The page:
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Vox Pop: Implementing GTD for Creative Work?

creativepro.com - Getting Design Done

Interesting article here by our old pal, Keith Robinson, introducing GTD to creative types. This is a fascinating topic for me, particularly since I sometimes find it difficult to "crank widgets" when it comes to anything creative.

Keith's an old hand with this stuff, so it's not surprising that he's developed his own tweaks for Getting Creativity Done. Here's a novel idea:

Create a creative time and space for yourself. Make sure it's free of distraction and get into the habit of going there as often as you can. When there, pull out your @creative lists and get to work. I find this is a great way to tackle smaller creative problems. It's how I come up with -- and get started on -- most of my writing. This article is a result of my @creative time.

That's an interesting way to think about contexts. Ordinarily, you'd think of contexts as representing access to a certain kind of tool or as a physical or temporal limitation, whereas Keith is using it almost like a project.

This is challenging stuff that my buddy, Ethan, and I end up talking about all the time. We both agree that you can use GTD to "clear the decks" for creative work -- to move aside all the mundane workaday tasks that might keep you from focusing on blocks of time for creative stuff. But we, like a lot of people, both struggle with how (or even whether) to put truly creative work into our GTD systems. What do you think?

How are you using GTD for creative work? What do projects and next actions look like for a painter, a screenwriter, or a dancer? What's your best trick for getting creative stuff done?

Steve Schreiber's picture

GTD is very effective for...

GTD is very effective for the active musician. Projects I have cover a wide range of musical activities, for example: "Create a new mini-set" which describes the project of constructing approximately 15 - 20 minutes of new material, practicing it and getting it to be performance ready; or, "Arrange new A minor sus4 thing into a tune" which describes a composition project; and another - "Implement Band In A Box as a viable practice tool" which is more of a computer based project. You can have entire practice-oriented projects such as "Learn Pat Martino's Linear Expressions material", and cycle through the chapters one at a time on your next actions list.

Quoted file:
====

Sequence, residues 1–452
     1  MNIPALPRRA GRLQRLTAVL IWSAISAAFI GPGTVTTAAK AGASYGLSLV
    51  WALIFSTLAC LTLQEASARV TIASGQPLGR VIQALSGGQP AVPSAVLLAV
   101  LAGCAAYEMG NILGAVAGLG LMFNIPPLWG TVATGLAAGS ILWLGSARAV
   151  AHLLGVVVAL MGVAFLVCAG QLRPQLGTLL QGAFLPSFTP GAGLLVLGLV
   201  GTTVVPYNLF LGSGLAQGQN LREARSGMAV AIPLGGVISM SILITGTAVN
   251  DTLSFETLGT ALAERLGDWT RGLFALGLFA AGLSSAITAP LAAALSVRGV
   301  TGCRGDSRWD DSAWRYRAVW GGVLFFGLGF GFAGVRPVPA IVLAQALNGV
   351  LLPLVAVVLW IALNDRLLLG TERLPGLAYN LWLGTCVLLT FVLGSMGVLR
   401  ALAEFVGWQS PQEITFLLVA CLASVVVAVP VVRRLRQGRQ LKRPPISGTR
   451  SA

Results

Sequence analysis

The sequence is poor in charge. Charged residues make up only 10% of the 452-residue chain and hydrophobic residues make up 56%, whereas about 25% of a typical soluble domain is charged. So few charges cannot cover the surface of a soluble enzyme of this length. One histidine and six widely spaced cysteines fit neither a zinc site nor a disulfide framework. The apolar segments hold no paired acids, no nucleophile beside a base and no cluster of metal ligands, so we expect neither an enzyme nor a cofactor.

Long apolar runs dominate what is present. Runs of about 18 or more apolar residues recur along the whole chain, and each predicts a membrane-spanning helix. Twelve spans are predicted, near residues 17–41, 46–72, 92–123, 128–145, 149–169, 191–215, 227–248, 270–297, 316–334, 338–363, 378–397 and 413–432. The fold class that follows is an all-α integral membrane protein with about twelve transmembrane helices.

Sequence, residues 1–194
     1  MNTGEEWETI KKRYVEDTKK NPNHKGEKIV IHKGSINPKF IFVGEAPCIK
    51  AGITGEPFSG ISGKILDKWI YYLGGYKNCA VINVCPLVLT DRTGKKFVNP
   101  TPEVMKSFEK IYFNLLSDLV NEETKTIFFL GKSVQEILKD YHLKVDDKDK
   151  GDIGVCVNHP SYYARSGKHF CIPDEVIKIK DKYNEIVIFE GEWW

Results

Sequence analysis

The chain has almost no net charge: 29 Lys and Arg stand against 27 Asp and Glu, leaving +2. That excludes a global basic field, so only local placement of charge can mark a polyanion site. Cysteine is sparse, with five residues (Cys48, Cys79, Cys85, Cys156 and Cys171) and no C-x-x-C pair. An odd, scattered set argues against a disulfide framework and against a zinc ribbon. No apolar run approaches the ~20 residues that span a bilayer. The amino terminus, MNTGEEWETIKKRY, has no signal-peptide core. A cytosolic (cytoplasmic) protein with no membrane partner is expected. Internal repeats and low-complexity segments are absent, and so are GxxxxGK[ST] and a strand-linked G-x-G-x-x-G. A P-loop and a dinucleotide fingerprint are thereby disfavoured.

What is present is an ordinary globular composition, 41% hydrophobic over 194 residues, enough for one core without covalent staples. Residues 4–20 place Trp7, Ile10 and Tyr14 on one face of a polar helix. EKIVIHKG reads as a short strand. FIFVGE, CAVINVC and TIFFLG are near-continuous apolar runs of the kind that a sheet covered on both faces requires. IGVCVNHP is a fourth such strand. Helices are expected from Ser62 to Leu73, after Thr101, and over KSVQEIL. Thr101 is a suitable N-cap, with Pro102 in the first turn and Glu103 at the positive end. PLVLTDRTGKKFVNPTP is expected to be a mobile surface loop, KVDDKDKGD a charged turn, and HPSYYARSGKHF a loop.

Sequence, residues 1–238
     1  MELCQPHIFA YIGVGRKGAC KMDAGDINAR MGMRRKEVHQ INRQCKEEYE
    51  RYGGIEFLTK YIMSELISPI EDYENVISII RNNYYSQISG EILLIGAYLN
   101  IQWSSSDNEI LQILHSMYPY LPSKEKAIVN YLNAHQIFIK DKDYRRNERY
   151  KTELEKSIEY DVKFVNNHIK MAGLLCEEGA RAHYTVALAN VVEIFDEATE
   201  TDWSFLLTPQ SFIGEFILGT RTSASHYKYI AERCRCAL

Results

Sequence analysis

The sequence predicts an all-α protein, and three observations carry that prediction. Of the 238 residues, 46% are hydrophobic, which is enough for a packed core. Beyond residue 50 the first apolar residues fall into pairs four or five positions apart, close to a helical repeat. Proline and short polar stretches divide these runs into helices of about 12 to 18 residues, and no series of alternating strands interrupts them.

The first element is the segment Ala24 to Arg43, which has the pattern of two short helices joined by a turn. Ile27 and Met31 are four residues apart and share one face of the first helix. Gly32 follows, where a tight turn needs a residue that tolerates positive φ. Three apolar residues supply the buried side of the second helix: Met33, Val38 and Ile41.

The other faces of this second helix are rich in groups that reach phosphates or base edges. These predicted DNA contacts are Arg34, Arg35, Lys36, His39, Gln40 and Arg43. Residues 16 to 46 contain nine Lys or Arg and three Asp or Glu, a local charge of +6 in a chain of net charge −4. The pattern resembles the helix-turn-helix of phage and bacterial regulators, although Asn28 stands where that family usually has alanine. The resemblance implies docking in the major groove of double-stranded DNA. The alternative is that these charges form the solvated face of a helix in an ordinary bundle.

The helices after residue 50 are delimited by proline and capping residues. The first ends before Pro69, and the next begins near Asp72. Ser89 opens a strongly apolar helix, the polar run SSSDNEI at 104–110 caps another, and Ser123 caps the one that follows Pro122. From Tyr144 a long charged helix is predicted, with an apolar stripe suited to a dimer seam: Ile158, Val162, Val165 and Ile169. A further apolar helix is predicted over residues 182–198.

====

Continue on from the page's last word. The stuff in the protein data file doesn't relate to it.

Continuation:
Contexts for holding next actions for these projects include @guitar, @bass, or @percussion depending on what instrument I'm choosing to practice. For the technical work, it would be @audio_workstation.

The nice thing here is that it's very easy to construct effective practice sessions from the next actions list. Just pick up your list and bam! you'll always have four or five of the right things to work on.

Useful caoture lists to support these projects include things like "Tunes I want to write and record", "Tunes I need to practice".

And, in the spirit of GTD, you can always chose to put aside the action lists and have free-random-spontaneous jam time without feeling guilty.

Focus improves using GTD - a critical factor for musical activity.

I think this post really only scratches the surface of what's possible.





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